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Part 1: Is The Medium The Message?

January 24, 2017

In 2007 I attend a conference in San Diego and became totally fascinated with one of the sessions on media and technology. Given today’s sociological and cultural climate, I began to think how some of these thoughts and ideas might explain recent events and behaviors.  At the time, I thought I was going to maybe learn about the newest and greatest projector and TV technologies.  Instead, I participated in a remarkable dialog on how we perceive information, how communications has changed over course of history, and how introducing new technologies often produce unanticipated results that reach far beyond the impact of the literal content.

I recall the presenter’s name was Shane Hipps, who wrote a fascinating book called The Hidden Power of Electronic Culture. Before becoming a pastor, Hipps was an executive for Porsche in the area of marketing and advertising. And although the discussion was directed primarily at church leaders, the ideas were a profound basis for how events and human behaviors can unexpectedly change each time a new technology or medium is introduced.  Much of the foundation principles and illustrations were taken from the writings of Marshall McLuhan, particularly from his 1964 book titled Understanding Media: The Extensions of Man.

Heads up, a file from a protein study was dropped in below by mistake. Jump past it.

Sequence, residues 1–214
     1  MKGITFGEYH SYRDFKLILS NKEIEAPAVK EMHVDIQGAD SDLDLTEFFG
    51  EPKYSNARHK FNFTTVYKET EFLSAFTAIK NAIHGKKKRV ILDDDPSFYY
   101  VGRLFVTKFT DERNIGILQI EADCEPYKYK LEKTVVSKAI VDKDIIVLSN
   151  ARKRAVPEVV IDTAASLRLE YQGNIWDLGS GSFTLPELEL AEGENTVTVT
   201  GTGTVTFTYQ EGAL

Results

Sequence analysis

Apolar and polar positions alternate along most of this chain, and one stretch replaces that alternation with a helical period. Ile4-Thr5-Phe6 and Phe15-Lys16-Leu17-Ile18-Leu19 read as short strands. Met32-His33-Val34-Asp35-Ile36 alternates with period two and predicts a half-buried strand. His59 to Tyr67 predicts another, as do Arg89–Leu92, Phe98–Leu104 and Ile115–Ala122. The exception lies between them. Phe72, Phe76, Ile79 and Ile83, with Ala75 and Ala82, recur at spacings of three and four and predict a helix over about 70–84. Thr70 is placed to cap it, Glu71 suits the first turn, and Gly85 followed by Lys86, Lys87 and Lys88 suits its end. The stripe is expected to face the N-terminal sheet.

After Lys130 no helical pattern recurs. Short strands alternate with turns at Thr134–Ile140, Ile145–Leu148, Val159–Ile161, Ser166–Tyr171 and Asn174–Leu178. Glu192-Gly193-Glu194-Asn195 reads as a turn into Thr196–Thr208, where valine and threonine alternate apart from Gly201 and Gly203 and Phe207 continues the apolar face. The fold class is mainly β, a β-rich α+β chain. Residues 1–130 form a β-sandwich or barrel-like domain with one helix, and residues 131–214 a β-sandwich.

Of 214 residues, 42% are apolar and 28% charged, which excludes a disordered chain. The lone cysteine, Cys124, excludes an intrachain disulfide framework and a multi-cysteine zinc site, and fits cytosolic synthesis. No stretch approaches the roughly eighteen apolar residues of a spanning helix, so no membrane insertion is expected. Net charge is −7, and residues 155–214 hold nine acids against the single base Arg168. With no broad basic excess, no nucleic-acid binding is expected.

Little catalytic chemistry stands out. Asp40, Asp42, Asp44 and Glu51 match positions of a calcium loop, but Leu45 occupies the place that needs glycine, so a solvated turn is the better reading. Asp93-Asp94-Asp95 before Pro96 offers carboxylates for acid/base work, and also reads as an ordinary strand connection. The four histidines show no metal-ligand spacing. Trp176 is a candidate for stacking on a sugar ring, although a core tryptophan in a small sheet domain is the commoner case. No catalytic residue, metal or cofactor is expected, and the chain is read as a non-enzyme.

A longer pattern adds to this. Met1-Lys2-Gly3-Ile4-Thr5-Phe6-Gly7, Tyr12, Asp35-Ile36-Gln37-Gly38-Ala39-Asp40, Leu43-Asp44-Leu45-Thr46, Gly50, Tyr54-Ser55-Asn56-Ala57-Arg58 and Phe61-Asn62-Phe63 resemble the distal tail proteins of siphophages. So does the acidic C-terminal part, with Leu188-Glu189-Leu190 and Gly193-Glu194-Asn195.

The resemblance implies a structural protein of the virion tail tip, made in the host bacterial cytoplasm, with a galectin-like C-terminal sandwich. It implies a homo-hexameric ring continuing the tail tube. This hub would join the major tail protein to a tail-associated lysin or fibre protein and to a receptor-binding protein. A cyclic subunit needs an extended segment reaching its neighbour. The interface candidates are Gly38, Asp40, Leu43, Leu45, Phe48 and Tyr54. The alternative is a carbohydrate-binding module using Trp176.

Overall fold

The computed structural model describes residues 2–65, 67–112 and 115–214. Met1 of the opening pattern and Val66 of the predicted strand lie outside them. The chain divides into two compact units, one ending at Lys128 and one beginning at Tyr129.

I remember there where several topics that were particularly eye-opening and that literally changed the way I view and assess my surroundings ever since.  Over the course of the next several posts, I’ll try to briefly explore each one and consider if they have any relevance whatsoever to today’s current events.  If you have an interest or background in communications, particularly electronic media, please feel free to share your thoughts and ideas. These will include:

  • Definition of Media (the plural of medium) – may not be what you think.
  • Oral and written cultures.
  • How a medium progresses/expands, saturates and implodes.
  • What happens when a new communication technology is introduced.
  • How we perceive and experience printed information vs. video information vs. other forms of technology.
  • The introduction of the printing press technology to the world.
  • Oral/tribal, Literate/private and the evolution of the “global village”


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